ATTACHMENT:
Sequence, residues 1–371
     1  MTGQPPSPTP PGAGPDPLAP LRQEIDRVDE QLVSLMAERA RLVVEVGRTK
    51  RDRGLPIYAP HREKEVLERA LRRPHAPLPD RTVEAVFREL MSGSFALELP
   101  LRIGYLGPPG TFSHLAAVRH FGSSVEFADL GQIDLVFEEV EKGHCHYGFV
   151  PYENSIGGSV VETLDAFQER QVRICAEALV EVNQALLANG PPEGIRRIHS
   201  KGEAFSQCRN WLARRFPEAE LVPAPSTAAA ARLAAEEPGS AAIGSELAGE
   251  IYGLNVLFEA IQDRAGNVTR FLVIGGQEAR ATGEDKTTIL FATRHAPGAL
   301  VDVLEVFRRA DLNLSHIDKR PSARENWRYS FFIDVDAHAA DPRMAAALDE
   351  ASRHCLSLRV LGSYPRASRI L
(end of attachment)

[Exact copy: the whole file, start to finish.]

Sequence, residues 1–371
     1  MTGQPPSPTP PGAGPDPLAP LRQEIDRVDE QLVSLMAERA RLVVEVGRTK
    51  RDRGLPIYAP HREKEVLERA LRRPHAPLPD RTVEAVFREL MSGSFALELP
   101  LRIGYLGPPG TFSHLAAVRH FGSSVEFADL GQIDLVFEEV EKGHCHYGFV
   151  PYENSIGGSV VETLDAFQER QVRICAEALV EVNQALLANG PPEGIRRIHS
   201  KGEAFSQCRN WLARRFPEAE LVPAPSTAAA ARLAAEEPGS AAIGSELAGE
   251  IYGLNVLFEA IQDRAGNVTR FLVIGGQEAR ATGEDKTTIL FATRHAPGAL
   301  VDVLEVFRRA DLNLSHIDKR PSARENWRYS FFIDVDAHAA DPRMAAALDE
   351  ASRHCLSLRV LGSYPRASRI L